8. Is hydronic floor heating cheaper to run than reverse cycle heating?

If the design and installation of your hydronic floor heating is poor, then your floor heating system will cost many times more to run compared to your aircon heating.

If designed and installed correctly, and depending on your energy source (e.g. gas boiler or heat pump), a hydronic floor heating system will cost either the same amount to run as reverse cycle aircon (basic hydronic system), or up to 40% less (best hydronic system). This is mainly due to the fact that with aircon, you suffer from air stratification (meaning the warm air rises to the ceiling, whilst cold air stays down below), and you are relying on the warm air touching your skin to warm you up (whereas with floor heating, your body is being warmed by radiation emitted from the floor, which is a much more effective mode of energy transfer).

9. I only want to heat my bathroom floor – can I use hydronic?

You can use hydronic, but the initial investment cost will be very high for such a small heated area. For areas less than 35m2 it is generally best to use electric floor heating – even though there is a much higher running cost with electric floor heating, the saving on the initial investment will offset this for many years.

10. Should I heat my whole house, or only parts?

The most common feedback we hear from clients that have not heated their entire house (they have left out the laundry or a hallway for example) is that they wish they had heated their entire house. Sure, leaving out a room or two may save you a couple of thousand dollars – but every time you walk into those unheated rooms you instantly feel the unpleasant cold.

11. Should I/can I zone my floor heating system?

Yes, you can zone your system electronically, by having a separate thermostat timer for each zone. This means you can set up different automated running times and temperatures for each zone. We have, however, found that when clients choose to zone their systems, they usually run almost all of them on the same schedule – negating the need for the additional controls (and money spent).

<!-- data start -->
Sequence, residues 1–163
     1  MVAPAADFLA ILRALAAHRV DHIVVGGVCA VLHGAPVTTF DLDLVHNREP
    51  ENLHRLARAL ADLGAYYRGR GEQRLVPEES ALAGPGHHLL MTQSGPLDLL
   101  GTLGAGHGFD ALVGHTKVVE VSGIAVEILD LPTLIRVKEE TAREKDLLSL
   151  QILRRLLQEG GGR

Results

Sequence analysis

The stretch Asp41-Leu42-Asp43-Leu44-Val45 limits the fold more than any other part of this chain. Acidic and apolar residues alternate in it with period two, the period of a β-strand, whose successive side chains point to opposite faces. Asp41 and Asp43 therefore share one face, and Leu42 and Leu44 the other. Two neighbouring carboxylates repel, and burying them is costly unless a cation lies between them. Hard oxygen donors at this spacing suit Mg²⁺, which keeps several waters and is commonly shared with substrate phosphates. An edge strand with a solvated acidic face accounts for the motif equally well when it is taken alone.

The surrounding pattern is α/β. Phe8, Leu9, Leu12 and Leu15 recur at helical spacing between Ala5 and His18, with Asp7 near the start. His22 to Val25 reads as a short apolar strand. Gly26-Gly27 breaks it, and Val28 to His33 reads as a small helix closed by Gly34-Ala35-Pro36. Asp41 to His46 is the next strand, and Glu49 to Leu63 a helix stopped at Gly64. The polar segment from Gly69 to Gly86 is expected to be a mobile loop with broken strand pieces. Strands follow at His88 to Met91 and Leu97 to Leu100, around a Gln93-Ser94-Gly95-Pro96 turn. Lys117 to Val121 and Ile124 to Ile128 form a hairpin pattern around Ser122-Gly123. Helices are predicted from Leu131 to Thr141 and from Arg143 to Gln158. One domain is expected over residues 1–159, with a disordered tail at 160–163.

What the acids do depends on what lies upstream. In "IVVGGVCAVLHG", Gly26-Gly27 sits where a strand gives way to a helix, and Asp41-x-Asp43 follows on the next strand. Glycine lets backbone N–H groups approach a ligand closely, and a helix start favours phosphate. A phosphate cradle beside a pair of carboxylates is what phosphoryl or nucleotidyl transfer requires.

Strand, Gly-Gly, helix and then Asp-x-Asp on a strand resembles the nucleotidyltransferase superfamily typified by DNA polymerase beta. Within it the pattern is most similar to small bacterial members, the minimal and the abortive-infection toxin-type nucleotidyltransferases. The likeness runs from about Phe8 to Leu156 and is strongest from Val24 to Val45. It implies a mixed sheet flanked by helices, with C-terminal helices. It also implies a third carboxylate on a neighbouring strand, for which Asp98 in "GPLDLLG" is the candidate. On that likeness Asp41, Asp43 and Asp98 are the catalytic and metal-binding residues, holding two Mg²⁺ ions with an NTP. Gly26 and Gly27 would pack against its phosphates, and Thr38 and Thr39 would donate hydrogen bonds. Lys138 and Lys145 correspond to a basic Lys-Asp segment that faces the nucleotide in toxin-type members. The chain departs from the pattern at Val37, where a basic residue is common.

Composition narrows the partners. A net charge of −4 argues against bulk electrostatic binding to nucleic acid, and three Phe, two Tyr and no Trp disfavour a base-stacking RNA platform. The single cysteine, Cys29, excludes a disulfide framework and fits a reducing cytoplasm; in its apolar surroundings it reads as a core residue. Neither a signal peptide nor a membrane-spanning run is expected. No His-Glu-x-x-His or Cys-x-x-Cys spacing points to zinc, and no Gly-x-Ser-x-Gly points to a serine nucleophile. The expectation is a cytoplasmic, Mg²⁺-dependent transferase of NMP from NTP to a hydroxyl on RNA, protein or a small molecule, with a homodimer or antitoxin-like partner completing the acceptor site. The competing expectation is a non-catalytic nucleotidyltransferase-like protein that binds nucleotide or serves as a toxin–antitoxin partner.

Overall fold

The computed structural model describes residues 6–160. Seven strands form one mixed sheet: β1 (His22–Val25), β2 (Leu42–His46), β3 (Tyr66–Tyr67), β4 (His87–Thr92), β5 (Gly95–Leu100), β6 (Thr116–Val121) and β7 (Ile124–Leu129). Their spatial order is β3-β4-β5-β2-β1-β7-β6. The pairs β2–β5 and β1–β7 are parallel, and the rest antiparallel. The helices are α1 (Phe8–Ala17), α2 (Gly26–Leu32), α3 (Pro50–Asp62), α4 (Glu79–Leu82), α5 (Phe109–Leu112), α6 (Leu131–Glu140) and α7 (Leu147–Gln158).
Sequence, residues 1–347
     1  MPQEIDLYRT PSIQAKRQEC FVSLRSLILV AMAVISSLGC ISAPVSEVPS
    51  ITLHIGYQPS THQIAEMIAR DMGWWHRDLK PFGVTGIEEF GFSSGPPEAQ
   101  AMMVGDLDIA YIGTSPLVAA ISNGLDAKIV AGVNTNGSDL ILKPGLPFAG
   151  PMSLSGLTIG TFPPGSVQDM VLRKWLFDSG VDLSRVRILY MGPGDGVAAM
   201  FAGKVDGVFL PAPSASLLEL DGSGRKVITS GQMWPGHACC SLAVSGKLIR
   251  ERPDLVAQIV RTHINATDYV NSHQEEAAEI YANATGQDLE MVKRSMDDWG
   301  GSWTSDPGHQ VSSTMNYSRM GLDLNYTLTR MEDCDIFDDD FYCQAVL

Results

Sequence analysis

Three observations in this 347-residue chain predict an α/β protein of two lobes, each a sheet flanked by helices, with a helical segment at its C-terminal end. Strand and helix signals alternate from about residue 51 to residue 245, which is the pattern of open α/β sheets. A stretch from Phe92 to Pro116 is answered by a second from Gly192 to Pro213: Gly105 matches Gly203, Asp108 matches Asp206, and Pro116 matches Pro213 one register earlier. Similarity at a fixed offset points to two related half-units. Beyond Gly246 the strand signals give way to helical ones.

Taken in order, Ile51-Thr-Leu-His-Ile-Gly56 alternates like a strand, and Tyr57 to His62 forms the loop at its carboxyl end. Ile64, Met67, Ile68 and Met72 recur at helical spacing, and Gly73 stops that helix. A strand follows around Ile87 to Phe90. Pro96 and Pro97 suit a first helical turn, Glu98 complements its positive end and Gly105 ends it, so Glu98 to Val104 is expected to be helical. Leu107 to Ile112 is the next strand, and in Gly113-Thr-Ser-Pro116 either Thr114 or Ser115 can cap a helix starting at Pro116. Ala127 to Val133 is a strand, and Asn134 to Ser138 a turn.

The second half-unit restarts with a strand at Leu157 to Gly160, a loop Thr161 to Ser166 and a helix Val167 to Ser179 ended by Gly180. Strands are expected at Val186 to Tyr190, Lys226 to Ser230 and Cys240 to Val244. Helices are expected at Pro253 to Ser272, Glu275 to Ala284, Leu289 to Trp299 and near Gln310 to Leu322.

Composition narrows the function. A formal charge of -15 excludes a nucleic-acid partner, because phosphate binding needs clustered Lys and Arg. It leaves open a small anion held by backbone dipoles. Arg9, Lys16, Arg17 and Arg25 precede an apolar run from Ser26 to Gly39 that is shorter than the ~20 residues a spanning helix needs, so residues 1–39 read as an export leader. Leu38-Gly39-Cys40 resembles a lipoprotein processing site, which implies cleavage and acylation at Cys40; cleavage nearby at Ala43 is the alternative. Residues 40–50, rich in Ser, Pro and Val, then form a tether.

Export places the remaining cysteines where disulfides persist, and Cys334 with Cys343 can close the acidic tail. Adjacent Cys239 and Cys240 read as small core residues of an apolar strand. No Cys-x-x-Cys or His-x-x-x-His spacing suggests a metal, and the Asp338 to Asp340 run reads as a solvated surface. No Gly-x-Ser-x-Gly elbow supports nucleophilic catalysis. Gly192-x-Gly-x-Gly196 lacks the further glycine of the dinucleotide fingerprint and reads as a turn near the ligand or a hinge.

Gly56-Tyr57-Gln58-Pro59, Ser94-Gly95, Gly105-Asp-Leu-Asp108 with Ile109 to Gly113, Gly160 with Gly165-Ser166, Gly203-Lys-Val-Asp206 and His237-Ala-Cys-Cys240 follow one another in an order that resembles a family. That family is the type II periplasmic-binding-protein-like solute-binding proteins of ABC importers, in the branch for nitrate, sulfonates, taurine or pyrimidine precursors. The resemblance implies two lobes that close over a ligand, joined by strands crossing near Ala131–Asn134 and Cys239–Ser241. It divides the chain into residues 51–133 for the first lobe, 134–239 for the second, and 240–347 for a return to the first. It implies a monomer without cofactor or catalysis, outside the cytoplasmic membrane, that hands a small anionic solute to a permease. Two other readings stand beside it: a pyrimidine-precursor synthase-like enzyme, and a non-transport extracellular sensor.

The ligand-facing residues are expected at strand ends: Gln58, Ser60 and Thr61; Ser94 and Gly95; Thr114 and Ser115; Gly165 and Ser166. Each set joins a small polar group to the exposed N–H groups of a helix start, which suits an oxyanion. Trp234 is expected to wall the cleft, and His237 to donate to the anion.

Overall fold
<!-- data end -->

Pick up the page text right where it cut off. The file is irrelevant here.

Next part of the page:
We would recommend only zoning large areas, not individual rooms – for example, in a two-level home, have each level as one zone. For very large single level homes, perhaps split the house into two zones.

For rooms that are seldomly used (e.g. guest rooms), the area can manually be turned off at the heating manifold (similar to turning off a tap).

12. How long does it take to heat up?

This depends on your method of construction, and whether it’s the first day of the heating season, or you are a few days/weeks/months into it.

The more thermal mass you have to heat up, the greater the thermal inertia, and therefore the more energy (and time) required to heat the rooms up. So an insulated screed that is 60mm thick can take ~15-30mins to heat up, and an insulated on-ground slab (125mm thick) can take 30-60mins to heat up.

The first few days of the heating season it takes longer to heat the rooms up. This is because the floor is completely cold, and so are all the walls, ceiling, furniture, etc. (the floor heating radiates heat to these objects, therefore warming them up and making them into heat emitters too).

13. Can I have carpet or timber over my floor heating system?

Yes, but this requires planning beforehand, and should not be installed as an afterthought, because the system may not function well, and in worse-case scenarios it can ruin your floor finish. The easiest floor finishes to include with a floor heating system are hard – such as polished concrete, stone, or tiles. This is because they are good conductors – and if unheated, they are dead cold.

Carpet, timber and other thermal resistive floor finishes aren’t as obvious when heated – but they still make all the difference in the room (between having a cold uninviting room and a naturally warm and comfortable feeling room).

Euroheat has successfully been installing floor heating under all floor finishes in Australia for almost thirty years.

14. Will my polished concrete floor crack if I have floor heating installed?

If the system is designed and installed properly, and care is taken with the preparation of the slab, it will not have surface cracking due to the floor heating. The floor heating piping must be at a specific depth within the concrete (or deeper), and the steel reinforcing mesh as close to the surface as possible. Expansion joints will most likely be required – collaboration between the structural engineer, the concreters and the floor heating contractor is required.
Euroheat has been successfully installing floor heating into polished concrete floors for almost 30 years

15. Does the hydronic system require maintenance?

If you’d like to extend your system warranty and keep your heating system at its peak, we recommend a service every second year.